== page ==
Disney's Animal Kingdom Theme Park
Imagine a squirrel-sized monkey with shocking white hair leaping 15 feet from tree to tree—better yet, see these rare creatures yourself!
Fall in love with this spry, tree-jumping South American monkey with the wild hairdo.
Cotton-Top Tamarins at Disney’s Animal Kingdom Park
Guests can visit our amazing Cotton-Top Tamarins (Saguinus oedipus) at Rafiki’s Planet Watch and also at Discovery Island in Disney's Animal Kingdom park. Guests can learn more about The Walt Disney Company’s commitment to conservation by experiencing Backstage Tales, a behind-the-scenes tour of the animal facilities offered at Disney’s Animal Kingdom park.
Cotton-Top Tamarins in the Wild
Cotton-top tamarins are found in South America in tropical forests of northwestern Colombia, where they can be observed about 30 feet high in the trees foraging for tasty fruits and insects.
Threats to Cotton-Top Tamarins
The International Union for Conservation of Nature (IUCN) currently lists the cotton-top tamarin as “critically endangered.” A 2010 census estimated less than 7,500 individuals remain in the wild.
Disney Conservation Efforts
The Walt Disney Company is passionately committed to the protection of cotton-top tamarins and their tropical forest habitats. Discover the creative ways Disney is helping these tiny tamarins—and how you can help them, too!
“An amazing thing happens when people have the chance to come face-to-face with wildlife. They feel a strong connection, and are motivated to take action to protect wildlife and wild places and the environment.” – Dr. Jackie Ogden, former VP, Animals, Science and Environment, Disney Parks
Cotton-tops are among the most endangered primates in the world, and Disney is working to safeguard their future in the wild.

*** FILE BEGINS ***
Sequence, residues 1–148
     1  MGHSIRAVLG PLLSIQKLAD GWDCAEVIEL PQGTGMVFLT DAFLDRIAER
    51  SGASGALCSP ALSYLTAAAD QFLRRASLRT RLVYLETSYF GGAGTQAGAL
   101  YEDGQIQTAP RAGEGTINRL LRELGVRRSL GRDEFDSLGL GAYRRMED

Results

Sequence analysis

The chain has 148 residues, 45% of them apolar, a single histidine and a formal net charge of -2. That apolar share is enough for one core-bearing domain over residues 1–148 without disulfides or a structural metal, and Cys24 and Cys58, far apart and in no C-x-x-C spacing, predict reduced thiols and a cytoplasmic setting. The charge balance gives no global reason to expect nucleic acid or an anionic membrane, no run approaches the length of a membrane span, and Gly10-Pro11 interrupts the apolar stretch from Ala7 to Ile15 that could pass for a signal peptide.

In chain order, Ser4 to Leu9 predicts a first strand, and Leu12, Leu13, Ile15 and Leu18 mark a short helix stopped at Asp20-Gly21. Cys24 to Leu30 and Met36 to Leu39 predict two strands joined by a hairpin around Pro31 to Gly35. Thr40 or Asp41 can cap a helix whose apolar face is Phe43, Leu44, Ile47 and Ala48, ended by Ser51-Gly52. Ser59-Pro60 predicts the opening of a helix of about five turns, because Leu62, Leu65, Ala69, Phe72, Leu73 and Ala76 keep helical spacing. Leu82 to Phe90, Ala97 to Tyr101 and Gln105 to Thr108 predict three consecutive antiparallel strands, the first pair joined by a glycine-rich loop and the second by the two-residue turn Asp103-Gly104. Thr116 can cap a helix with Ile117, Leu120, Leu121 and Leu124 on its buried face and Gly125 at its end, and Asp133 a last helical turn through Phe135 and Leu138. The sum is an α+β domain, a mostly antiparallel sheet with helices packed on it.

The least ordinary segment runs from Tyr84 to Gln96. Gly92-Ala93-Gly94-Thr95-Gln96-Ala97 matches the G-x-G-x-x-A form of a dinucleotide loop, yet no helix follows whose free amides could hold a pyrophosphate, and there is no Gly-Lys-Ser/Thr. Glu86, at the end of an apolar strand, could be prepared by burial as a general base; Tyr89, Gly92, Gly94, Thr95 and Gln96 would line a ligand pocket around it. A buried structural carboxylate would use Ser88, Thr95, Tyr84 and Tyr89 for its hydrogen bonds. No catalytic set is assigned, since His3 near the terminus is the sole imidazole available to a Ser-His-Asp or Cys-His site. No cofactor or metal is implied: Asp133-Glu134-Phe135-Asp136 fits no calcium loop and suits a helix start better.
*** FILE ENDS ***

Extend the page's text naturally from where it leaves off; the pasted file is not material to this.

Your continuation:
The greatest threat to the survival of cotton-top tamarins is the loss of their native habitat from deforestation. As human populations expand, Colombian forests are being cleared for agricultural expansion, timber for construction and even firewood for cooking. Another threat to tamarins is from the illegal wildlife trade. Cotton-tops have become popular as pets, which has led to their capture and sale by local communities. Habitat loss and the pet trade have caused a rapid decline in cotton-top populations.
Disney Is Helping Cotton-Tops in the Wild
Disney has a particular fondness for cotton-tops tamarins since Disney’s Conservation Director, Dr. Anne Savage, is a world-renowned expert on the species. In Colombia, Disney’s support is helping to reverse the cotton-top decline by supporting work to protect and expand forest habitat for monkeys and other wildlife, reduce the illegal wildlife trade and create alternative income sources for community members as a way to protect forest resources. You will be amazed at the creative solutions local communities are involved in to help save cotton-top tamarins!
Developing Environmental Entrepreneurs
Sometimes the best way to help wildlife is to help their human neighbors. In Colombia, the Disney Conservation Fund is working with the conservation group Proyecto Tití to reduce the use of forest products and develop new ways to provide local communities with a stable source of income. To get locals to use less firewood, Proyecto Tití reinvented the traditional binde cook stove and made a clay version that is 67% more efficient, using 5 logs instead of 15. The new binde stoves not only save trees for the tamarins, they also produce less smoke, leading to less eye and lung irritation. And the food is reported to taste just as good!